Rural regions see property price rise akin to urban areas

on Mar 17, 2015
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For anyone looking to make a real estate investment and take advantage of a quiet life in the English countryside, now could be the time to do it. Property price rises in the rural areas of the country are almost neck and neck with those of urban properties, according to the latest research by Zoopla. The property website confirms that urban areas across England have seen an annual price rise of 5.7 percent, whilst rural regions have increased by 5.1 percent. This brings the average house price of a countryside property to £264,338.

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However, buying a home in the countryside often means paying a significant premium over the price of a property in a town or city in the same region. Owning a rural property in the West Midlands, for example would mean paying a premium of 43.5 percent, the highest in England. Gerrards Cross in Buckinghamshire claims the title of most expensive rural location to live in, with the average home costing £817,376, up 5.34 percent from last year.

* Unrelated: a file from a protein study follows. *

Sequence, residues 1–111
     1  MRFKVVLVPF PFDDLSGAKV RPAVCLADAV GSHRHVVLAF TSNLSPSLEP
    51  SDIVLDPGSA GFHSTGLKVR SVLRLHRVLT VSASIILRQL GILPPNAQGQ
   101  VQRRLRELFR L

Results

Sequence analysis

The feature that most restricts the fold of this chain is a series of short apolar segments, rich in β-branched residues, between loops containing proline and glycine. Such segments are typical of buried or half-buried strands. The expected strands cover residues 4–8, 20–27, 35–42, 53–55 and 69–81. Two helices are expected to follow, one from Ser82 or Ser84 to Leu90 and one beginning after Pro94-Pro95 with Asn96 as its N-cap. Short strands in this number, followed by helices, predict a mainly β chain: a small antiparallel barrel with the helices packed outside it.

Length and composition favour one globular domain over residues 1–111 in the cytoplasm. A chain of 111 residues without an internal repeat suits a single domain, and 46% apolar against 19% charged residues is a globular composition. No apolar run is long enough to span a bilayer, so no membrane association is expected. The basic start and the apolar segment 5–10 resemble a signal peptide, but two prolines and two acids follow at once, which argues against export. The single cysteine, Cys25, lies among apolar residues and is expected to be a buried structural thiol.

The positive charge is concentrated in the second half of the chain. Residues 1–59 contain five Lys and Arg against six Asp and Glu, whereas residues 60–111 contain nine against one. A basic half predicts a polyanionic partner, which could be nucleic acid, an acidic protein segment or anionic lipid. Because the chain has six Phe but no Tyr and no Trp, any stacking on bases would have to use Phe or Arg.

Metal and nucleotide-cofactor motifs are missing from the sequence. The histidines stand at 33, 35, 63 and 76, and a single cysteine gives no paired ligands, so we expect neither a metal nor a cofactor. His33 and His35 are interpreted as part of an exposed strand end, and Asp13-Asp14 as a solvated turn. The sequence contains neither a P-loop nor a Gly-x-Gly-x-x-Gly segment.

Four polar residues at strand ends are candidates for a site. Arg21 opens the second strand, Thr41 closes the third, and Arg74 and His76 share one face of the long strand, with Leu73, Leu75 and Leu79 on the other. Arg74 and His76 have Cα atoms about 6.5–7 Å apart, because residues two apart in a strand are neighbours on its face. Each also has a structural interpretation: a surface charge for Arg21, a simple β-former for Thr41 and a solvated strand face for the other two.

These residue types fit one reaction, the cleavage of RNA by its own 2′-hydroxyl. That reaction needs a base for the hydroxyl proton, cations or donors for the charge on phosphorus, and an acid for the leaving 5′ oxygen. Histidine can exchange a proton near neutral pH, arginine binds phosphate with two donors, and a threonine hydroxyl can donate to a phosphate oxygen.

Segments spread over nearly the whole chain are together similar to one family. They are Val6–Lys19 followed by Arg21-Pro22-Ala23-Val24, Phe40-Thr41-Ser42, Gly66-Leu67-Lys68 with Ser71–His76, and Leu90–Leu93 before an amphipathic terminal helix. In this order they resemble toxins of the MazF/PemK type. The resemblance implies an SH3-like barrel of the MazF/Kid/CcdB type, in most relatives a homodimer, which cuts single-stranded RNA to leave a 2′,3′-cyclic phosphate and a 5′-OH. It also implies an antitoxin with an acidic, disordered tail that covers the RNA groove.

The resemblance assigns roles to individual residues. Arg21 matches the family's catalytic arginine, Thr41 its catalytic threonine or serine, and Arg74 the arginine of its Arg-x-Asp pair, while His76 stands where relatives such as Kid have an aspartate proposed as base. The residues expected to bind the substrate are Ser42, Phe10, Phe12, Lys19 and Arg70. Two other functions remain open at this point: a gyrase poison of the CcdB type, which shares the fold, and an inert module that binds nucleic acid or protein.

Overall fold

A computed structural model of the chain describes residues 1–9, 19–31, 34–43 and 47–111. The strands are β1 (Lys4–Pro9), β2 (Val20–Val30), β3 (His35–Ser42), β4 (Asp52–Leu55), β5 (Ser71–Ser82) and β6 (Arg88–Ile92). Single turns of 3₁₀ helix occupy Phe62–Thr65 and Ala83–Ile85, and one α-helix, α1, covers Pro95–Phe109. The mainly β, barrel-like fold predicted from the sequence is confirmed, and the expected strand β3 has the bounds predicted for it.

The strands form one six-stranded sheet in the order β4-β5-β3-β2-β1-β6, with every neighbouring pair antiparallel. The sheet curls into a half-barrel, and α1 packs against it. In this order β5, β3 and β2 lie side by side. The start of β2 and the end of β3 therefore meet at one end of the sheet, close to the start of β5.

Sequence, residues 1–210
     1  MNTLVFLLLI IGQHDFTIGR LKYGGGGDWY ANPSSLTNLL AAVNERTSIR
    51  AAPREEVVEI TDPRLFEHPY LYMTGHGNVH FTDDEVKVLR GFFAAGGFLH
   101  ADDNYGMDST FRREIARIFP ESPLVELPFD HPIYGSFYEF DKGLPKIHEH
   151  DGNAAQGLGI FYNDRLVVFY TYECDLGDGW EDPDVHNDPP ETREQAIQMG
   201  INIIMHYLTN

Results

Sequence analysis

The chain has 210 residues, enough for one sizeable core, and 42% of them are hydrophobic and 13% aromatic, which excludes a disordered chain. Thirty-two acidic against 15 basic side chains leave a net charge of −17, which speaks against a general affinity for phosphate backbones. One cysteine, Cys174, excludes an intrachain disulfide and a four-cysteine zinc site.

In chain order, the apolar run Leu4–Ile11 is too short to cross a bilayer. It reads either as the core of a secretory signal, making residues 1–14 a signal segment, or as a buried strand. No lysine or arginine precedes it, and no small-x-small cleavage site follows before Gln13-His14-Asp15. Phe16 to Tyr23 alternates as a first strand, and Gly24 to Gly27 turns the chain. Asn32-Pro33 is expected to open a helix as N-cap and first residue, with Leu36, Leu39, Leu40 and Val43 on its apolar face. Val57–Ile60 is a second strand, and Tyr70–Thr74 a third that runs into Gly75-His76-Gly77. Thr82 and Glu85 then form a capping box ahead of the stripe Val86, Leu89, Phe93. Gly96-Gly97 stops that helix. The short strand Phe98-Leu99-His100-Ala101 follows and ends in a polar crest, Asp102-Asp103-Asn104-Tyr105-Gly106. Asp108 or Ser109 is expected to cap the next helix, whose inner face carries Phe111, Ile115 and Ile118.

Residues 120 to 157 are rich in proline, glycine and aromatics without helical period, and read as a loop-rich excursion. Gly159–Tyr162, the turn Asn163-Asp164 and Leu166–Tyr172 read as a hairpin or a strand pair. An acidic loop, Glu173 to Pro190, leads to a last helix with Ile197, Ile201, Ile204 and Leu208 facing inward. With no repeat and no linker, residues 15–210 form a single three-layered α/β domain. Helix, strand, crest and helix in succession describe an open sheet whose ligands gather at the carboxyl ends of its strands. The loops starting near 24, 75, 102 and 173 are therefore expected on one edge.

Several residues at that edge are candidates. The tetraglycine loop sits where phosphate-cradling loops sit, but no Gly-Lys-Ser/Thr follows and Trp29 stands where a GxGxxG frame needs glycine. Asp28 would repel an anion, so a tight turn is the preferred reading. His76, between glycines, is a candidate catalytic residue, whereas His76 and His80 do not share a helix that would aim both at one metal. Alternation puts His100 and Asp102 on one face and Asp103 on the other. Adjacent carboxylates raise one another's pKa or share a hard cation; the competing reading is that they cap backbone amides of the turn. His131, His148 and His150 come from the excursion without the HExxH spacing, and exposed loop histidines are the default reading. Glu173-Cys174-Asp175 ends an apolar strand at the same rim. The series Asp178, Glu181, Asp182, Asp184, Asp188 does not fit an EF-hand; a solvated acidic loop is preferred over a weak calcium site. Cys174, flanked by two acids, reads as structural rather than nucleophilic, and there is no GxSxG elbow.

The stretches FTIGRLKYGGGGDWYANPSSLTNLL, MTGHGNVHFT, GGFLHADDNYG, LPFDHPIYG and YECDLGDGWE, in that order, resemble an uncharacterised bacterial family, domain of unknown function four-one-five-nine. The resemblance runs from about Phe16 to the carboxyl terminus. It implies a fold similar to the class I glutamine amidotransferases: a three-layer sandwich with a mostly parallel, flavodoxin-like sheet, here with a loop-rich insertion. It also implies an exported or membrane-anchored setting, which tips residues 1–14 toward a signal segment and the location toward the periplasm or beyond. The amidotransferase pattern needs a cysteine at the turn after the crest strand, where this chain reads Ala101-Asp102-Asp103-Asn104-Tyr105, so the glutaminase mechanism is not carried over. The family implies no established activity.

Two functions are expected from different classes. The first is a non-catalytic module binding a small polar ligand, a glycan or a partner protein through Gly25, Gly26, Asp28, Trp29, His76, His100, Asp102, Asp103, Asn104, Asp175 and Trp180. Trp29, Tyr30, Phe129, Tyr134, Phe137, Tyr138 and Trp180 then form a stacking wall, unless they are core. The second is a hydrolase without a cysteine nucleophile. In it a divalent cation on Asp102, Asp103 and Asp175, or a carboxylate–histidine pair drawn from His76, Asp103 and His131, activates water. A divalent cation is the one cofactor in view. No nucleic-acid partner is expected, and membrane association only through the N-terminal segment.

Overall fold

Rural homes in the East of England have seen the strongest rise in value over the past year, with prices climbing by 6.5 percent. The South East follows closely behind with a six percent increase in value. This essentially means that if you’re looking to invest in property in the countryside of the South East, you can expect to pay about £66,100 more than if you were to live in an urbanised area.
Speaking of which, properties in cities and towns across both the East and South East of England also experienced the highest annual price growth, coming in at 7.5 and 6.7 percent respectively, placing the capital city in third position with a 6.5 percent increase. However, the district of Kensington and Chelsea in London holds the title of most expensive urban location, with a property there averaging out at a cost of £2,654,512.
Lawrence Hall of Zoopla said: “Urban areas had a head start in the housing recovery with demand propped up predominantly by employment opportunities. This drove price growth in these economic hubs and left countryside markets by the wayside.
It would seem that the countryside is now becoming a favourable location for many potential investors, though. And with house prices across England strengthening, a rural real estate investment looks to be something to do sooner rather than later.

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